Horticulture Guruji


Fruit Science

Adam’s Fig, Tree of Whisdom, Tree of Paradise, Kalpataru, Apple of Paradise, A plant of Virtues

  • B.N.Musa paradisiaca
  • Family – Musaceae     
  • Chromosome No– 22,33,44
  • Origin – South East Asia (Burma- Indo China region)
  • Inflorescence type – Spadix.
  • Fruit type – Berry.
  • Pollination – Birds (Ornithophilous)
  • The edible part of Banana – Starchy Parenchyma (Mesocarp & Endocarp).


  • The aroma in Banana-
    •           Green —– Hexanol
    •          Ripe —–    Eugenol
    •          Overripe —-Isopentanol
  • Flower bud differentiation – September – April.
  • Protogyny found in bananas.

Watch Lecture Video Part Ist

Watch Lecture Video Part IInd

  • Banana is climacteric fruit.
  • Vegetative parthenocarpy found in Banana
  • Most banana cultivars are triploid in nature.
  • The genetic classification is given by Simmond and Shephard.
  • Hybridization work- Central Banana Research Station, Adhuthurai (TN).
  • Banana improvement work started in 1949 at TN.

Banana Republic Banana republic describes politically unstable countries with an economy depends upon the exportation of banana.

  • Banana is a calcifuge crop calorific value 67-137/100gm.
  • Ripe banana contains 27% sugar
  • In Monthan variety of banana only glucose sugar is found
  • Musa acuminata is the source of today’s edible banana.
  • Banana is a rich source of dietary potassium (K) used in nervous impulses and a good source of energy.
  • India’s share in world production of Banana 31.6%.
  • Maximum area- Tamil Nadu, maximum production – Maharashtra.
  • India is the largest producer of bananas (World 23% produce).
  • In Tamil Nadu, banana is specially grown for leaf production.
  • Banana is the staple food of South Africa.
  • Cultivars having large areas in India – Poovan, Mothan Karpuravalli.
  • Gross Michel variety of banana is susceptible to Panama wilt while Basarai is immune and Poovan is resistant to this disease
  • Fingertip disease is serious in high-density planting.
  • The bunchy top is also called as cabbage top
  • Bunchy top of banana was first observed in 1891 in Fiji
  • Male flower of banana is resistant to Panama wilt disease but susceptible to bunchy top disease
  • All AAA clones are susceptible to Sigatoka leaf spot.
  • For virus screening in banana cultivar, ALISA test is followed.
  • Tetrazolium test for Bunchy top virus detection.
  • In 1913 Sigatoka leaf spot disease firstly observed.
  • Cut pieces of rhizomes called ‘Bits’ or ‘Peepers’ also used for propagation.
  • The weight of sword suckers is 750gm.
  • In Gujarat and MH: Furrow method and in Tamil Nadu trench method of planning is followed.
  • Suitable clones for irrigated areas -AAB, AAA.
  • Suitable clone for rainfed areas – ABB (Monthan, Kanthali, Kunnan).
  • The trench method is especially followed in the wetland system of cultivation.
  • For getting maximum yield a minimum of 10-12 leaves are required on the plant.
  • Banana is a moisture-loving plant.
  • Strong wind is harmful to successful banana production.
  • Banana seedlessness is controlled by 2,4 -D 25ppm.
  • Saltwater treatment reduces the duration of banana fruits.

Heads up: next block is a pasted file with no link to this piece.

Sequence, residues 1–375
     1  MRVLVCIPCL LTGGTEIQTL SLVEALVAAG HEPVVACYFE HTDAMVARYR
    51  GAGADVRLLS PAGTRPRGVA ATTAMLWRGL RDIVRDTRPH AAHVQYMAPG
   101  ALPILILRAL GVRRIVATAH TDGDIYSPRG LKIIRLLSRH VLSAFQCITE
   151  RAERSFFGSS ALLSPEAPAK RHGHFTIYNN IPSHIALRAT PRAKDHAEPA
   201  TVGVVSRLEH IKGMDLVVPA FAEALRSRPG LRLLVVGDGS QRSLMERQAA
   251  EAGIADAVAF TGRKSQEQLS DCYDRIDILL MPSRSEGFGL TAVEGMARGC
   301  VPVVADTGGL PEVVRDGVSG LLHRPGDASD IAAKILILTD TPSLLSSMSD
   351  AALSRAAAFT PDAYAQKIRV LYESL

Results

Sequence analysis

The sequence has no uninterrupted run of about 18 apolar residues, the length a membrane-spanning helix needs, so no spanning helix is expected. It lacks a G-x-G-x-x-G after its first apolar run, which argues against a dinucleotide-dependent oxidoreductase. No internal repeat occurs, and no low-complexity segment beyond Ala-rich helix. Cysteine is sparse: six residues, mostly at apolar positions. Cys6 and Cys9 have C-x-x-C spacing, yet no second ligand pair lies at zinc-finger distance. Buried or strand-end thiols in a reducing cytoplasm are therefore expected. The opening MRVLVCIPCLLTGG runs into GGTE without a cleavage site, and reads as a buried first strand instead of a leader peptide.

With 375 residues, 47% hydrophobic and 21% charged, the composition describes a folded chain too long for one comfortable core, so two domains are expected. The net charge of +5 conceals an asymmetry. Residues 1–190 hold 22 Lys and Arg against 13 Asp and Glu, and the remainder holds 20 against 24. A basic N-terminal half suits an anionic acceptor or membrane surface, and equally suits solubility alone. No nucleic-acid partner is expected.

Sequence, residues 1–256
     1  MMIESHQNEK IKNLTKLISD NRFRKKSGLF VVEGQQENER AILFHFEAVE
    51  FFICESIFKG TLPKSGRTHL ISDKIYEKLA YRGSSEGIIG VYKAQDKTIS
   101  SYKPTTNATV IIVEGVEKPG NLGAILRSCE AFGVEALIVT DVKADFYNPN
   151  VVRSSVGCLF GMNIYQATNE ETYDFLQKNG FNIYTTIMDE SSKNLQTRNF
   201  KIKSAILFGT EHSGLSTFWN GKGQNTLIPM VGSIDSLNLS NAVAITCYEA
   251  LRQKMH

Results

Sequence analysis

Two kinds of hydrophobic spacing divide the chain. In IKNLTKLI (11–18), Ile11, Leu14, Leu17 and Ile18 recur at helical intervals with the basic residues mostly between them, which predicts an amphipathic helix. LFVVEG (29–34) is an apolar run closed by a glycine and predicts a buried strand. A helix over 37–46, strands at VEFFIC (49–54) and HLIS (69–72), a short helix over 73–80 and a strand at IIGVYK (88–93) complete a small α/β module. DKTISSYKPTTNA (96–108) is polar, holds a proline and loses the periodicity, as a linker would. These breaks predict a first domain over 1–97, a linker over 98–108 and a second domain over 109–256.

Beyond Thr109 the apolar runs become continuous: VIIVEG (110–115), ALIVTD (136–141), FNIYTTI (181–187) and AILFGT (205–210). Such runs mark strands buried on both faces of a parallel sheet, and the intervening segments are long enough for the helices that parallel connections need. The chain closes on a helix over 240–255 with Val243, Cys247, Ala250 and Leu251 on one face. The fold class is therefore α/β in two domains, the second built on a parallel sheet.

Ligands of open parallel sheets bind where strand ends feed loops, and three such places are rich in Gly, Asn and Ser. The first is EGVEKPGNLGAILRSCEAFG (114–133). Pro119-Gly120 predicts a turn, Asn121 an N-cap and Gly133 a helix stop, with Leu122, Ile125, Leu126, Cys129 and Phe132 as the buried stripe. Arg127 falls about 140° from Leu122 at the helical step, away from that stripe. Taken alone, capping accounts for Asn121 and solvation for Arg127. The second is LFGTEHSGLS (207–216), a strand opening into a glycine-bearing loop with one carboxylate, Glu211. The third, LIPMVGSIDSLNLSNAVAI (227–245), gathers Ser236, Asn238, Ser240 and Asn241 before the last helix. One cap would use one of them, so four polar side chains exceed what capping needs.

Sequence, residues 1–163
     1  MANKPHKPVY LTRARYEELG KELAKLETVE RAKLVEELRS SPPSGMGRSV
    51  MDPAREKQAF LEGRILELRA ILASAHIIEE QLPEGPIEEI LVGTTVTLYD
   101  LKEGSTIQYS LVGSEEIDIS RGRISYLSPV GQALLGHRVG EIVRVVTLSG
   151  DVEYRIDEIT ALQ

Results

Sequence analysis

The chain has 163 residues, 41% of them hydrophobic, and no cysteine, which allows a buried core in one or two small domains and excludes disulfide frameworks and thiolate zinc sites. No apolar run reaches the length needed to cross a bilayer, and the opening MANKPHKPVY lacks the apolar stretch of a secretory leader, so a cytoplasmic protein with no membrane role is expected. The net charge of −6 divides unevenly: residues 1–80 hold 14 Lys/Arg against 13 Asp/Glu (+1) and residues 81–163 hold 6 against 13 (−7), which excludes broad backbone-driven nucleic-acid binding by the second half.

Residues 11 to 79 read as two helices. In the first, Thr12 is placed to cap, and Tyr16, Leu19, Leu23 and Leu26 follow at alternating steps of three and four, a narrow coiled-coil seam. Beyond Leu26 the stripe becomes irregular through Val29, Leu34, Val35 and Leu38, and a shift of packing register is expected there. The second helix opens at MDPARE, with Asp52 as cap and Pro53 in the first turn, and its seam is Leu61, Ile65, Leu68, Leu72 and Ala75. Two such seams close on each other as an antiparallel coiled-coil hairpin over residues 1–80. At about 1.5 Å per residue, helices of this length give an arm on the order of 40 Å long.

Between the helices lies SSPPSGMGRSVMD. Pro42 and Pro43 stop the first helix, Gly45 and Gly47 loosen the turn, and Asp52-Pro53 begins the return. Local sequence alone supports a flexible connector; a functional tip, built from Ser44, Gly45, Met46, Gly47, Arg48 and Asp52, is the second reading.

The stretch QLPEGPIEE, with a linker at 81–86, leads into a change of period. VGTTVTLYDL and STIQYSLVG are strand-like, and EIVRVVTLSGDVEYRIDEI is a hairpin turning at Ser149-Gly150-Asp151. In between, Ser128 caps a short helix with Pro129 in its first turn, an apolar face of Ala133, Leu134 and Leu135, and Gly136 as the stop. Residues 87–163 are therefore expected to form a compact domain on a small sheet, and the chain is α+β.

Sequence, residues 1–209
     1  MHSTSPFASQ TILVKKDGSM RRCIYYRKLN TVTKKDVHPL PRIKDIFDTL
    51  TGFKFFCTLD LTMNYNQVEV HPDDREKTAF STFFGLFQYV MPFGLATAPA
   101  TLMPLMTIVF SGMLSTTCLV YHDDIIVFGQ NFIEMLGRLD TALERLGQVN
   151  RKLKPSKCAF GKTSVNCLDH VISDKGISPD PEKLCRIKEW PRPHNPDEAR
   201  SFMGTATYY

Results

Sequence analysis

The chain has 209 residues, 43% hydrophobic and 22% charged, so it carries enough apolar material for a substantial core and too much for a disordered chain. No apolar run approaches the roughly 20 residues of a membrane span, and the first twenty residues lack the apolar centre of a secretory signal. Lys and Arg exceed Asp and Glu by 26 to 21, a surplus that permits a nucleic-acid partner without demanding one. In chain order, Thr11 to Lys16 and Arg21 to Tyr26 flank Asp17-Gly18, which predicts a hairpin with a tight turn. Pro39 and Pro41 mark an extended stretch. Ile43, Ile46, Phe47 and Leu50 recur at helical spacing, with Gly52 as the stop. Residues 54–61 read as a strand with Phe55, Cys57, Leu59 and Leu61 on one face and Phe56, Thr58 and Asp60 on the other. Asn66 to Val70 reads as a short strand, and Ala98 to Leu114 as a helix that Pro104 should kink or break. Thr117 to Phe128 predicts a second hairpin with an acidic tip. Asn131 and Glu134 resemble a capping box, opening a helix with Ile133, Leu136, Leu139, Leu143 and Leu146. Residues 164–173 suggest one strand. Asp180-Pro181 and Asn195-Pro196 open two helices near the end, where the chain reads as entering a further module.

• Artificial ripening is done with chemical calcium carbide
  • For increasing bunch weight, spray with KH2PO4 at the fruit developing stage.
  • For long-distance transportation, harvesting is done at 75-80% maturity.
  • For delayed ripening in bananas, skin coating with waxol (12% wax emulsion) is helpful.


Varieties: –

  1. Dwarf Cavendish (AAA): –

  • Basrai – leading commercial cultivar contributing 58% of total production.
  • Gandevi Selection (Hanuman or Pardase) from Basrai
  1. Robusta (AAA):

  • Bombay Green
  • Harichal – Semi-tall sport of dwarf cavendish. Highly susceptible to Sigatoka leaf spot, resistant to Panama wilt.
  1. Grand Naine (AAA):

A Tall mutant of dwarf cavendish. It requires propping.

  1. Poovan (AAB):

Rasthali, Amritpani, Mortman – susceptible to fruit cracking, suitable for table banana. Tolerant to biotic and abiotic stresses.

  1. Poovan Mysore (AAB):

Young fruit has pink pigmentation on the ventral side of the midrib.

  1. Nandran (AAB):

French plantain, Rajeli- popular cooking variety in Kerala. Good for chips making.

  1. Hill Banana (AAB): –

Virupakshi, Sirumalai, Laden- suitable for jam making, growing in hilly areas and fruit having unique aroma and flavour.

  1. Lal Velchi (AAA): –

Fruits have red skin.

  1. Monthan (ABB):

Suitable for culinary purposes.

  1. Nay Poovan (AB):

Safed Velchi- diploid variety, Horizontal bunch orientation, it fetches double price than other cultivars.

  1. Pey Kunnan (ABB): –

Karpuravalli, Kanthali– suitable for infant (baby) food, Juice, wine, popular in marginal soils.

  1. Lady finger (AB):

Diploid variety

  1. Amritsagar

  2. Dudhsagar

  3. Chakia

  4. Monohar


  1. FHIA-1 Gold Finger (AAAB) – belongs to the pome group. Resistant to wilt and Sigatoka leaf spot.
  2. Bodles Altafort (AAAA) – Synthetic hybrid, Gross Michel (AAA) X Pisanglin (AA).
  3. Klue Teparod (AABB) – Natural tetraploid.
  4. CO-1 : – Kellar Laden X M. balbasiana X Kadali.
  • Poovan & Ney Poovan are preferred in multistory systems.


  • The tropical, warm, and humid climate
  • It can grow 10 to 400C temperature and an average of 280
  • It is damaged by frost (Except -Walha, Monthan Khasdia).


  • Deep, well-drained, friable loamy soil with adequate organic matter.